There is an intermittently-working ATM by the coffee shop near the marina, but nothing close. Getting groceries was a cab ride to the SAO Olympica until the day before we left when they opened a brand new Carulla four blocks from the marina. Usually, Carullas have ATM’s, but we did not verify this the one time we shopped there. Although smaller than the SAO, Carulla has the much better selection and quality.
For a nice night out, I would recommend eating at the PanAmerican, which is in the big yellow house/hotel by the traffic circle just outside the marina. The other restaurants you can walk to are decent as well, although service can be slow. Of note, many of the restaurants in the Santa Marta guide on this site, such as Ben and Josep’s, have closed – there is a lot of turnover in this town. Check TripAdvisor before you go.
We weren’t aware of this until it was too late, but you also are granted access to a swimming pool on a military base that is a taxi ride away. The kids swam at the beaches nearby which are not award-winners but offer nice sunset views– the sand was a bit mucky from the soot, but they liked it that way. We would get one of the covered shacks for a varying price between 6-10 mil. The beach vendors are plenty but are in general not very aggressive: “No, gracias” works well.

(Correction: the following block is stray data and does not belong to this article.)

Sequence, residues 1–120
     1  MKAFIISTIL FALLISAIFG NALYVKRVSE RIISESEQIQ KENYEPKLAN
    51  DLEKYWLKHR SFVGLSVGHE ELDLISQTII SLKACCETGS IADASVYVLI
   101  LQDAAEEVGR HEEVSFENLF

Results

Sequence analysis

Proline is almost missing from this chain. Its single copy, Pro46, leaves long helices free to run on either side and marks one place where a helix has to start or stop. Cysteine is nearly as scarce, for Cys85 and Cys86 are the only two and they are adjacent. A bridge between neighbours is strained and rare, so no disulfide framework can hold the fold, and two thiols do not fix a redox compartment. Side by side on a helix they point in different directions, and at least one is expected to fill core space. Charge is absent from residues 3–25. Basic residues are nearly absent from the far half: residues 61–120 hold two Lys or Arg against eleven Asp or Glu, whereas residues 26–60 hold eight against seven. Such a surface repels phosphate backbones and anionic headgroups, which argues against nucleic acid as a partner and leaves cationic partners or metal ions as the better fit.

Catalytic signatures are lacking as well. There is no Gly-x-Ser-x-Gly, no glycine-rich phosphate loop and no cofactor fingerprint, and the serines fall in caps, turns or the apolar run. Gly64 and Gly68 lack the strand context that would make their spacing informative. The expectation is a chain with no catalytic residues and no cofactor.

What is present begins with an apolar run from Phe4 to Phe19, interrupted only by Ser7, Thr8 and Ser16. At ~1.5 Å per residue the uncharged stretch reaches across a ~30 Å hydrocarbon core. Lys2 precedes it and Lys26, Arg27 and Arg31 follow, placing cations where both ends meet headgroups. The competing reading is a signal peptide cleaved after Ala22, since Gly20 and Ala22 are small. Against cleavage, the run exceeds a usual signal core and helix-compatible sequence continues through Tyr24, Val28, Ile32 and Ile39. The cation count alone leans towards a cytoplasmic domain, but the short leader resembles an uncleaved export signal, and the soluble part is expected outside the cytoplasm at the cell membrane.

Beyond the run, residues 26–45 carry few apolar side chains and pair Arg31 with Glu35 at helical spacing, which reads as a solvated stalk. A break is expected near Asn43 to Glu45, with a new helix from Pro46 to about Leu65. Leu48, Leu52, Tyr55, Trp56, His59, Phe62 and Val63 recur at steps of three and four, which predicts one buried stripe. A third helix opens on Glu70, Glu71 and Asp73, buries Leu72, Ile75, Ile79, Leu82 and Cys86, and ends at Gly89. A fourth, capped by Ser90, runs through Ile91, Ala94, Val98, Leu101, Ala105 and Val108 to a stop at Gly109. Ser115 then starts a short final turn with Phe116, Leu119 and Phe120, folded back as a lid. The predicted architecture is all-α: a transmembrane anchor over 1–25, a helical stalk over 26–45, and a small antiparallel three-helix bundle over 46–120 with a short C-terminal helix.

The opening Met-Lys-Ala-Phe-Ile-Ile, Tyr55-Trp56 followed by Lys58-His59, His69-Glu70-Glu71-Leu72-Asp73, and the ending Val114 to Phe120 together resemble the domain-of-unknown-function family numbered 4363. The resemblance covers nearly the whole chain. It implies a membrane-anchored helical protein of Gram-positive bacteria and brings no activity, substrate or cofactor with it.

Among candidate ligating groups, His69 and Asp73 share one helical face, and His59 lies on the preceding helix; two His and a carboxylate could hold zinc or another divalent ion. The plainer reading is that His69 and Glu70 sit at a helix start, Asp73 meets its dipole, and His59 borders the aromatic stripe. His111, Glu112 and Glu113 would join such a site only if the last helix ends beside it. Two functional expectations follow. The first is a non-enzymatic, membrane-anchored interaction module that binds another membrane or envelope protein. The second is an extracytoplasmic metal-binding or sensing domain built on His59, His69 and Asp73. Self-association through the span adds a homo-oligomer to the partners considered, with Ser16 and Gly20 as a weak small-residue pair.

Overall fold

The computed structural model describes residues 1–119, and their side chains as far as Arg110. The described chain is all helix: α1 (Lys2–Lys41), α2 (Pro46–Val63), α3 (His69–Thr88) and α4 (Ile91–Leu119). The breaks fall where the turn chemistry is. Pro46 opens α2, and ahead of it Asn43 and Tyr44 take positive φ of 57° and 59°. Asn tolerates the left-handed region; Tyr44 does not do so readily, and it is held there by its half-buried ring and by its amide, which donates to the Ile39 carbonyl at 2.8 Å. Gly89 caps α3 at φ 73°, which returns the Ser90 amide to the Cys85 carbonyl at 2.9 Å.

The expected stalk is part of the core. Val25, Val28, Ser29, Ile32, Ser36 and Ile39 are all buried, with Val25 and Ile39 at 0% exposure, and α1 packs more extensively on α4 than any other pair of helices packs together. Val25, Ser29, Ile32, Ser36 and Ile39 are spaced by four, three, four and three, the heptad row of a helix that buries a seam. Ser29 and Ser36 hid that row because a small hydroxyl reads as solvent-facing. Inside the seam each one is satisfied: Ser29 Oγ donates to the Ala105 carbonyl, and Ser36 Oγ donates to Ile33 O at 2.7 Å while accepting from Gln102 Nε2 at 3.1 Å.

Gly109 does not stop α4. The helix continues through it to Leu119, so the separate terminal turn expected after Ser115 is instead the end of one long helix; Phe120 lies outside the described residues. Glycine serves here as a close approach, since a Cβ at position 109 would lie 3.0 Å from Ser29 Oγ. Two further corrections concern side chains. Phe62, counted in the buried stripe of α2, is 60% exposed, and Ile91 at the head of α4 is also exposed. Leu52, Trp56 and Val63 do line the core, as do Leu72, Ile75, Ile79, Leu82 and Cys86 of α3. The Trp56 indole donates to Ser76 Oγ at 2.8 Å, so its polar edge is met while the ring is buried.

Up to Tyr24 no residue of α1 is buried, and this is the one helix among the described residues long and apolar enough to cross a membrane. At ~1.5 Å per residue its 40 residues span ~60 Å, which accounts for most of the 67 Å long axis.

The downside of this marina is that there are ships upwind of the marina that take on coal and spew diesel soot everywhere. We had to wash sticky black dirt (we think it is diesel soot) off of our boat every few days (just a rinse won’t do), and it would turn the bottom of your feet black. Yuck!
Posted January 2015
An update on clearance costs and procedures
We visited Santa Marta marina in Colombia in September 2014 and stayed for three weeks, departing in mid-October. The official requirements for boats visiting Colombia are changing quite often, but this is what we found when we visited.